When you are planning a trip into the backcountry, always check the avalanche forecast before you head out. What is the avalanche forecast, you ask? Well, in the state of Colorado, we are home to the Colorado Avalanche Information Center or CAIC for short. The CAIC lives within the Colorado Department of Natural Resources and is charged with providing avalanche information for 10 different mountain regions across the state of Colorado. In addition, CAIC is passionate about avalanche education and providing recreationalists with the most up-to-date information so that they can enjoy the backcountry safely.
Everyday during the winter months, the CAIC publishes an avalanche forecast for the following regions:
(Grand County falls in the Front Range region.)
You can find the avalanche forecast for your region on the CAIC website, and you can also subscribe to the forecast and have it sent to you via email.
When looking at any of the forecasts, you’ll see that there are four main sections:
- Avalanche Danger below, near, and above treeline for today and tomorrow.
- A paragraph Summary of the current conditions.
- The main Avalanche Problem as well as the slope aspect and elevation of where the problem is likely to occur, how likely it is for that avalanche problem to occur, and what size that avalanche would be if it did occur.
- Weather Conditions for today and tomorrow.
The CAIC uses the North American Avalanche Danger Scale. When rating avalanche danger in the backcountry, three factors are taken into consideration: the likelihood of an avalanche, its size, and its distribution.
When you look at the avalanche forecast for your area, you’ll see that a danger rating is given below, at, and a above treeline, which helps for trip planning purposes. Below is the Avalanche Danger for the Front Range on January 6, 2019:
The next section of the Avalanche Forecast is the Summary. The Summary goes into more detail about what the avalanche forecaster is seeing in the field and the reasoning behind the assigned avalanche danger. When planning your trip into the backcountry, read the forecast summary carefully and make note of anything that might cause you to alter or change your anticipated route. Below is the Summary for the Front Range for January 6, 2019:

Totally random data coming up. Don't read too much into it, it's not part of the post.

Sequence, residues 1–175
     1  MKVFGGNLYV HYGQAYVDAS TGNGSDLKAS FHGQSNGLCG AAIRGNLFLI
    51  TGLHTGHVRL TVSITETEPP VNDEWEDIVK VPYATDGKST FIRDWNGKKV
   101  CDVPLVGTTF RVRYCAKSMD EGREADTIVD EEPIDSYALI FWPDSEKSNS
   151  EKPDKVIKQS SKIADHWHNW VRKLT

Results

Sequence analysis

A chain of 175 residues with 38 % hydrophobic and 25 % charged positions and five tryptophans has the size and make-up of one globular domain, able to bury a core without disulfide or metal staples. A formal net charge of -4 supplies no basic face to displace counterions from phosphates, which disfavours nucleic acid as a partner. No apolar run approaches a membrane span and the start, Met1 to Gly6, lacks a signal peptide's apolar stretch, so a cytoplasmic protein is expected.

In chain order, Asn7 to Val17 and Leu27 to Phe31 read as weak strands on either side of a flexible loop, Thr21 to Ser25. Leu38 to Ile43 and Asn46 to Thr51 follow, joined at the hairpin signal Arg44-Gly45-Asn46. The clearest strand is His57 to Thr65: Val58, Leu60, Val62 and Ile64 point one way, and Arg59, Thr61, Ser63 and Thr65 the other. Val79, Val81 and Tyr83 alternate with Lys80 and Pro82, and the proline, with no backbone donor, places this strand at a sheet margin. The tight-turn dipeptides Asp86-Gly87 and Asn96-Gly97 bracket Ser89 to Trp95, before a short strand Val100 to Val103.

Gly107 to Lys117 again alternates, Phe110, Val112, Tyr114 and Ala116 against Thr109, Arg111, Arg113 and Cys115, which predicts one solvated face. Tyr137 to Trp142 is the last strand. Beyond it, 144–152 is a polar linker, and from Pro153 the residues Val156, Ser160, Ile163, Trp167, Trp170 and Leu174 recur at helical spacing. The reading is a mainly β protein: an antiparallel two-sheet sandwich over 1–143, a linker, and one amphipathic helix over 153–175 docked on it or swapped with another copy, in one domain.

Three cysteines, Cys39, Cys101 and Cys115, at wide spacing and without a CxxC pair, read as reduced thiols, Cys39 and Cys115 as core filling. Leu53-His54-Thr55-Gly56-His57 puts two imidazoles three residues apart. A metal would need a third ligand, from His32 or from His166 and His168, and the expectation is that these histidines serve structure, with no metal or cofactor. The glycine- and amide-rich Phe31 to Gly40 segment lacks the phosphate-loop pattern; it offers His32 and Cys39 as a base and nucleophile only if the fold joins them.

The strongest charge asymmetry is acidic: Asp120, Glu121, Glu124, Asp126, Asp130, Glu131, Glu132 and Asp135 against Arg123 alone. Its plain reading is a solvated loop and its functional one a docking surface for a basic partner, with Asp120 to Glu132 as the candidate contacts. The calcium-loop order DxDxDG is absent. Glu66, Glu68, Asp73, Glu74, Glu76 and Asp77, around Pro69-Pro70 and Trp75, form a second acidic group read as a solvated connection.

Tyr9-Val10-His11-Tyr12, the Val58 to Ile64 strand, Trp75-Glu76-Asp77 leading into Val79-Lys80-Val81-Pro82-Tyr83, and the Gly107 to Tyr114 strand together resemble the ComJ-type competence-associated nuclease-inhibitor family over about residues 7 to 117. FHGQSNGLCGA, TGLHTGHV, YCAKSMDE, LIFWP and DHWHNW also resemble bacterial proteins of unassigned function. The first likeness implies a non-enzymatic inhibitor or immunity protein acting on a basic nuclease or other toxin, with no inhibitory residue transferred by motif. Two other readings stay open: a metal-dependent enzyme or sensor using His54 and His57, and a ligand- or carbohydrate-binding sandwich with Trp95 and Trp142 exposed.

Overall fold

Avalanche Problem details the type (or types) of potential avalanche that you may encounter during your backcountry travels. This is the Avalanche Problem for January 6, 2019:
The first thing you will see under Avalanche Problem is the character of the avalanche that is most likely to occur in the backcountry and its icon. In the example above, the avalanche problem for January 6, 2019 is Persistent Slab.
The Persistent Slab is just one of 9 types of avalanche problems:
- Loose Dry
- Storm Slab
- Wind Slab
- Persistent Slab
- Deep Persistent Slab
- Loose Wet
- Wet Slab
- Cornice Fall
In addition to the main type of avalanche, we are give an Aspect/Elevation diagram of where we can expect to encounter this type of avalanche. In our example, we see that conditions for Persistent Slab avalanches are present near and above treeline on North, Northeast, East, and Southeast slopes.
Next we are given the likelihood that a Persistent Slab avalanche might occur, and if it does occur, how big the avalanche might be.
When planning your trip into the backcountry, take in to consideration all of these factors. If avalanche danger is high on a certain slope aspect, avoid traveling on those slope aspects for your upcoming trip.
If you still have questions about how to decipher the Avalanche Problem section of the Avalanche Forecast, check out this awesome video produced by the National Avalanche Center: Avalanche Problems Explained
The final section of the Avalanche Forecast is the Weather Forecast. This section will give you a good idea of what type of weather you might encounter in the backcountry. Not only does it list temperature and wind speed, but it also tells you the direction of the wind, sky cover, and precipitation. Below is the Weather Forecast for the Front Range for January 6, 2019:
When reading the Avalanche Forecast, use it as a tool to help you plan your trip into the backcountry and manage potential risk. The backcountry is not patrolled like a ski area. It is up to you to gather all the information you can about past and current conditions to plan the safest trip possible. Remember when traveling in the backcountry to always carry and know how and when to use a beacon, shovel, and probe. For more information about current avalanche conditions in the state of Colorado visit the Colorado Avalanche Information Center.